Flags of Other Nations
In an alternative embodiment, the flags of other nations are used to inspire designs for the first message field (the first message portion may also be referred to as “the familiar message field” or “the attention grabbing field”), or the entire flag of a nation may cover all or a substantial part of a sphere with a second or target message field being formed by the area of the sphere not covered by the flag design or flag-inspired design, or in the alternative the second message field can be superimposed on an area of the first message field.
Famous Characters, Personalities, Works of Art, and Trademarks
In an alternative embodiment of the present invention, famous or popular characters, personalities, trademarks, and/or works. of art can be used as the first message field to draw attention to the ornament. For example, in an embodiment, a COOLBALLS® Cool Sun design comprises a sphere upon which sunglasses are mounted. An information field can be included on the opposite side of the sphere from the sunglasses, which may be of the same color as the rest of the sphere, with the image or words in a contrasting color.
It is noted that many antenna balls include a copyright notice or other indication of origin around or near a mounting hole in the bottom of the sphere. This notice must be distinguished from the first and second fields of the present invention, as the notice is located in a position designed not to distract from the general appearance and principal message sent by the ball; hence the first field is designed to draw attention to the second field without the “notice field” substantially detracting attention from either the first or second fields. For example, the notice on COOLBALLS® antenna balls is only about 0.5 inches in diameter, and is located on the “bottom” of the ball where the antenna mast receptacle is located. In contrast, the first message field of the present invention is designed to draw attention to the ornament and to consequently draw attention to the message contained in the second message field. Thus, it is to be understood that the present invention excludes provision of such notices in an area preferably consuming no more than about 2 square inches, and most preferably about 0.8 square inches, on a sphere having a diameter of about 1.75 inches, with the notice excluded hereby having a proportionate ratio of size to sphere surface area as the size increases or decreases. In the alternative, such a “notice” message can be considered as a third message.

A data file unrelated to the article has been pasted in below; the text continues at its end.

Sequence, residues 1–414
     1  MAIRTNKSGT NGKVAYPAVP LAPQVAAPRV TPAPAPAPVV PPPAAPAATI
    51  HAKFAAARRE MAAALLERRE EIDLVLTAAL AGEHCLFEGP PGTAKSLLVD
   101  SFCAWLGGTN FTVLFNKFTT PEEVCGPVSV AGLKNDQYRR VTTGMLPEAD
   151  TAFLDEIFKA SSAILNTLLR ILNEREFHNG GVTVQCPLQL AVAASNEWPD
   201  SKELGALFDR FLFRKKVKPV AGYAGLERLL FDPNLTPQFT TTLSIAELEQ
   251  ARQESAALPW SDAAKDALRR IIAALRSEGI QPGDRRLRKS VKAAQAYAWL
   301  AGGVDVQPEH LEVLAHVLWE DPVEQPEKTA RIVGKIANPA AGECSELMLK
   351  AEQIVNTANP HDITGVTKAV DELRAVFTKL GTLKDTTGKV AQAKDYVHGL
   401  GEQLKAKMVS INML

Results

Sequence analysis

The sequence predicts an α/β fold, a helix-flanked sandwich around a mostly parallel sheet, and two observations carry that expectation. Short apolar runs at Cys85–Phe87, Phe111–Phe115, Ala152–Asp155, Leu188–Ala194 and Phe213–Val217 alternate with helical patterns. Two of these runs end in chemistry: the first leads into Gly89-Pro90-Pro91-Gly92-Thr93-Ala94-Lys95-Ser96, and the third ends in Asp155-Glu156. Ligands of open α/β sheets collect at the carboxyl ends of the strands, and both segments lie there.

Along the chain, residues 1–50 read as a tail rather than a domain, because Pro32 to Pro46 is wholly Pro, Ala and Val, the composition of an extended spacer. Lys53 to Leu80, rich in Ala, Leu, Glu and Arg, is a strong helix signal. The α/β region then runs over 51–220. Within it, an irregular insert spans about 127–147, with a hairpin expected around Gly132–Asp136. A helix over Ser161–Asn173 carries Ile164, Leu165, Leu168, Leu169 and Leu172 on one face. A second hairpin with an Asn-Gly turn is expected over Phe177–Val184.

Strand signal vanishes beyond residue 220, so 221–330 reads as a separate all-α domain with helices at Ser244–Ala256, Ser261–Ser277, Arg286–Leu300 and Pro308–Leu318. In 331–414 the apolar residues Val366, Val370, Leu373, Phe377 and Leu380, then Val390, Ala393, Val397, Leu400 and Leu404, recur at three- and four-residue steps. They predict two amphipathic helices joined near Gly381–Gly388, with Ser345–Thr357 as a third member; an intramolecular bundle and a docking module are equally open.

The present invention also excludes redundant first and second message fields, such as where at least one of a character, name, symbol or logo associated by the public with a company, nation, cause, or entity is present in a first field and at least one of a character, name, symbol or logo associated by the public with a company, nation, cause, or entity is present in a second field, with no further message appearing in either field. In the alternative, where the ornament first message is a trademark, character, slogan, design, personality or art work associated with a particular company, the “notice” can be considered as a third message. The term “well known message” in referring to a first message field on an advertising ornament of the present invention refers to a message that a segment of a population likely to view the ornament will consciously or unconsciously recognize as having some familiarity. For example, the flags of countries or other entities or colored patterns representative thereof, famous brands, and/or famous characters would constitute a “well known message.”
In a preferred embodiment, an ornament is used to link separate branded items. For example, a movie character's likeness could be used as a first field, with a second field drawing attention to an upcoming movie, or the name and/or image of an item for sale or of interest, such as a car, clothing, beverage, or website.